By James de Lacey STACK.com
Should athletes use a weighted vest to improve acceleration or maximum velocity during sprinting? A recent study investigated the effects of sprinting with either a 9kg or an 18kg vest vs. sprinting without a vest. This translated to roughly 7 percent and 20 percent of body mass of the subjects in the study. The researchers assessed how much force the subjects where able to put into the ground, velocity and power, which determine how fast you sprint. They also measured how much time your foot spends on the ground, flight time, step frequency and stride length. Sprints were performed on a non-motorized treadmill for six seconds.
Weighted vests allow us to overload the athlete during a sprint, which could positively impact the sprint kinematics listed above. This is due to potentially increasing the athlete’s ability to produce vertical and horizontal forces. The idea is that it will translate into greater force production and better sprint performance when the vest is removed.
Compared to sprinting with no weighted vest, peak velocity significantly decreased in both conditions. Step frequency remained similar between all conditions while stride length significantly decreased in loaded conditions. Both loading conditions resulted in significant decreases in flight time.
There was no significant effect on peak power production, and there were no changes in ground contact time among the conditions. However, flight time was significantly decreased with the 18kg vest.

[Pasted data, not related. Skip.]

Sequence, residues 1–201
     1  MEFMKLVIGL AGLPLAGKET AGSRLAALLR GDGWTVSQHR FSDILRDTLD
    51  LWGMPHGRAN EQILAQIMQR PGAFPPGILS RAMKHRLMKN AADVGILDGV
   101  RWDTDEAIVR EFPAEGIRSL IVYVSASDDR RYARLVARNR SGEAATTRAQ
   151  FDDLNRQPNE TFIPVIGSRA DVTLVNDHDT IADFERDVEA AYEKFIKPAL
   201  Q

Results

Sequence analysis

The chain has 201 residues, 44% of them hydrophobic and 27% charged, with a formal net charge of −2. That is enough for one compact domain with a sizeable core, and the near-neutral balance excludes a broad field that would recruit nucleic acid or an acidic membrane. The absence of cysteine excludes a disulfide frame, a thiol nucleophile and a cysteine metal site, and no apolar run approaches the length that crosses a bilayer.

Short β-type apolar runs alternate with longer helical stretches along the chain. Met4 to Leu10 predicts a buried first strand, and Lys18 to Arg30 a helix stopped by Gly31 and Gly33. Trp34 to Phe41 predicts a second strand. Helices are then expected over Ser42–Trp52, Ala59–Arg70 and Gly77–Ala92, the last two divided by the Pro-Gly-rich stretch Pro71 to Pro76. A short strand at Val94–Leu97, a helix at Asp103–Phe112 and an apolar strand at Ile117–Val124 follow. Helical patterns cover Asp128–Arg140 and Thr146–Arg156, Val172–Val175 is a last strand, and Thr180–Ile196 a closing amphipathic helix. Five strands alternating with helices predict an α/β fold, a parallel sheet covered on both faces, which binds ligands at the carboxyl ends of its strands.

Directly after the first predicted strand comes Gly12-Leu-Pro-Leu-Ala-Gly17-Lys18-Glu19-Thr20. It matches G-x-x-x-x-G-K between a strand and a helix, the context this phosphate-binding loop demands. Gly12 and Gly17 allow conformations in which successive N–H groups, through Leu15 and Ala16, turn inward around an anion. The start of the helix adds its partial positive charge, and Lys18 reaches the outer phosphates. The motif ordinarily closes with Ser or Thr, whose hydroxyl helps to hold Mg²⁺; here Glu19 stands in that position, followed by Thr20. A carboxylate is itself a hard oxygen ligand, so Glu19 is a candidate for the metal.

During the maximum velocity phase of sprinting, the 18kg vest significantly increased peak ground forces. However, the 18kg vest significantly lowered horizontal power compared to no vest. Loaded conditions significantly increased ground contact time. There was no significant effect on horizontal force.
At max velocity, only the 18kg vest showed moderate increases in force production, meaning heavier loads may be needed to promote greater force production. Force production when accelerating didn’t signficantly increase when wearing a vest compared to not wearing a vest. This could be explained by less rise and fall of the body during the stride, which decreases the amount of force that can be put into the ground. Also, it appears that the subjects had difficulty controlling the extra weight, limiting the amount of force produced to propel them forward.
Based on this paper, a weighted vest offers little to overload horizontal and vertical forces during sprinting. A greater load may be needed to challenge force production during maximum velocity, but greater loads can potentially cause negative changes to sprint technique. A simple substitute would be a sled sprint where the added load would not affect the rise and fall of the center of mass as much. If the sole goal is to increase the athlete’s ability to produce force vertically and horizontally, exercises such as loaded Box Jumps or Loaded Broad Jumps may be better alternatives.